• Chalk this one up to Rule of Funny. Flint even lampshades it by asking this question himself.
    • Could also cross into Fridge Horror.
      • How? I just assumed he had gotten in through the roof or something, if he hadn't been there the whole time and gotten stuck up there (was that your Fridge Horror?) He's the mayor, they have helicopters.
      • Proposing Fridge Horror is the funniest thing this troper has read all day.

  • World hunger.
    • What about it?
    • ...Averted?
    • Some descriptions of the movie found online say that Flint was trying to create a machine to solve world hunger, when in the actual movie he was working on the FLDSMDFR for the sake of his hometown, not the world. I'm guessing this is left over from earlier versions of the film, where he was actually a government scientist trying to solve world hunger.
    • Given what happened at the end, making the machine produce enough food to avert world hunger would probably be a bad idea. Plus, as stated elsewhere, eventually all the water would be used up and you'd be looking and world thirst instead. Replacing one problem for another doesn't solve much.

  • World drought. That thing sucked up and used enough fresh water to throw off the balance of life on the planet.
    • It could do it eventually, but Flint would have plenty of time to make a version that turns dirt into water. Luckily, you don't need a machine to turn food to dirt.
    • Food turned back into water when the machine imploded. For some reason.
  • How the HELL does the FLDSMDFR just hang there? Flint didn't intend the thing to become what it did... it only took off like a rocket because of how much power it was attached to suddenly, and it doesn't look to be outside the Earth's atmosphere, so it should just fall back to Chewandswallow, right?
    • Suction from pulling in all the clouds, and propulsion from shooting out all the food?

  • Wouldn't dumping a lot of meat products (dead animals) over several square miles result in anything not caught right away rotting; resulting in vermin and plague?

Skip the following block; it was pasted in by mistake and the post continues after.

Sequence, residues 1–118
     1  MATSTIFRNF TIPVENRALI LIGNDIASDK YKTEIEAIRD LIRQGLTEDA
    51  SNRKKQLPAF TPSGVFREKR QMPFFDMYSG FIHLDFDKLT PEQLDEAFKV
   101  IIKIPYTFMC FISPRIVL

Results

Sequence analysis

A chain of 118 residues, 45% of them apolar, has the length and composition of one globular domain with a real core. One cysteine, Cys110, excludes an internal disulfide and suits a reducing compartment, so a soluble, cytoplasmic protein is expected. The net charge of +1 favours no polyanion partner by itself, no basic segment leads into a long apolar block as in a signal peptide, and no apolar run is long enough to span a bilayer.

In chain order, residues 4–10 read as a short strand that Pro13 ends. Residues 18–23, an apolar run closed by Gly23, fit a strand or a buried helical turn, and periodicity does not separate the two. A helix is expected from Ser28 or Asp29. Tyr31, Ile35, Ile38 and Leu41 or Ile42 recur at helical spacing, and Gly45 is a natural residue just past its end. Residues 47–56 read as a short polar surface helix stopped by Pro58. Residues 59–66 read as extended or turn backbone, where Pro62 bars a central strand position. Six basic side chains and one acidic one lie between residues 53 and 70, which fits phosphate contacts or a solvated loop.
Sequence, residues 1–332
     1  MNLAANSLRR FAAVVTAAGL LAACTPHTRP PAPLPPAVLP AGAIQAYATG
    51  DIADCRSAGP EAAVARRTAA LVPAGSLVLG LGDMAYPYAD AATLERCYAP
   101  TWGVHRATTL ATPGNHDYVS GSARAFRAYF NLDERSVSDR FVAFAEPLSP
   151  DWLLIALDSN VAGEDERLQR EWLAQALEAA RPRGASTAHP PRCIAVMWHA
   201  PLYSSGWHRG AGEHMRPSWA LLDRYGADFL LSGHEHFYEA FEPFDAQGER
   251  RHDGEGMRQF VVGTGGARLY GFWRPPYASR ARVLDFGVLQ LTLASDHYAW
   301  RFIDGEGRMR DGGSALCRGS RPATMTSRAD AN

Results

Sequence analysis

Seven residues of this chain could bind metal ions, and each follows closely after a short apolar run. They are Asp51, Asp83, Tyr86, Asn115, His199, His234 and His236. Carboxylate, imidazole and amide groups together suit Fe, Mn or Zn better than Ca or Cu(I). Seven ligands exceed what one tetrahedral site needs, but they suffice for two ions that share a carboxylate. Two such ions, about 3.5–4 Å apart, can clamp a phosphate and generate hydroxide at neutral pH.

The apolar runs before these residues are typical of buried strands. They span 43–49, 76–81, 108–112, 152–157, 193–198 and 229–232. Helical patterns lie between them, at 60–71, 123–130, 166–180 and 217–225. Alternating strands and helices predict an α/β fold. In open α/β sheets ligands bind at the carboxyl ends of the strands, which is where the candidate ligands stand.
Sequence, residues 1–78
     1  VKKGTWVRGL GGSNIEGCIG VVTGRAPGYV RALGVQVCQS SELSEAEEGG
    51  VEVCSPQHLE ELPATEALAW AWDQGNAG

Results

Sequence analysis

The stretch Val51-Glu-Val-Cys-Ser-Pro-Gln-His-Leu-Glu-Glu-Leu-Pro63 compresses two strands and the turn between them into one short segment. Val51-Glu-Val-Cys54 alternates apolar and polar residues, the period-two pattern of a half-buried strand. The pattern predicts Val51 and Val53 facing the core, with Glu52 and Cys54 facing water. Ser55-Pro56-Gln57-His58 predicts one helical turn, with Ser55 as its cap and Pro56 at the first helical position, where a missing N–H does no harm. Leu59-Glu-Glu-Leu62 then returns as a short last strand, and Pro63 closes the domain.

• "This contact represents you! And my eye represents my eye! I've got" you on my eye! Owww!
    • He's friggen Mr.T, his metaphors don't have to make sense.

  • Why doesn't Flint ever test his inventions? The montage near the beginning implies that all those inventions were applied for the very first time in the presentations! What kind of pathetic scientist is he?
    • Part of Flint's character arc is that he doesn't tend to think through his actions, and he has to learn to do this in order to save the day.
    • He tested the FLDSMDFR. He's learning (or was, prior to Flying Car 2: With Wings, but No Time To Do A Trial Run).

  • When the satellite communication link with the FLDSMDFR is destroyed, why does Flint build Flying Car 2, and, not, say, another satellite communication linking device? It'd probably take about the same amount of time, and he doesn't need to draw up any new blueprints or designs for the latter.
    • Yeah I thought this, we have it established that it would take Flint three hours to build another one as well which seems reasonable to the ammount of time it took to do things the hard way.
    • Maybe he just didn't have the parts available?
    • Perhaps he didn't write down the frequency and/or protocol he was using.
      • It was very likely he didn't have one when he started work on it in the first place, remember it was not meant to work that way.

  • Meta one, here: Neil Patrick Harris. In a show about a Mad Scientist. Neil freakin' Patrick Harris. And he plays a monkey.
    • I actually thought Neil was Flint, and was internally squeeing because it seemed like a Dr. Horrible AU with a happy ending, and then...yeah. In my head he IS Flint.
    • Hey, there's a trope for this! Something of an inversion, but still...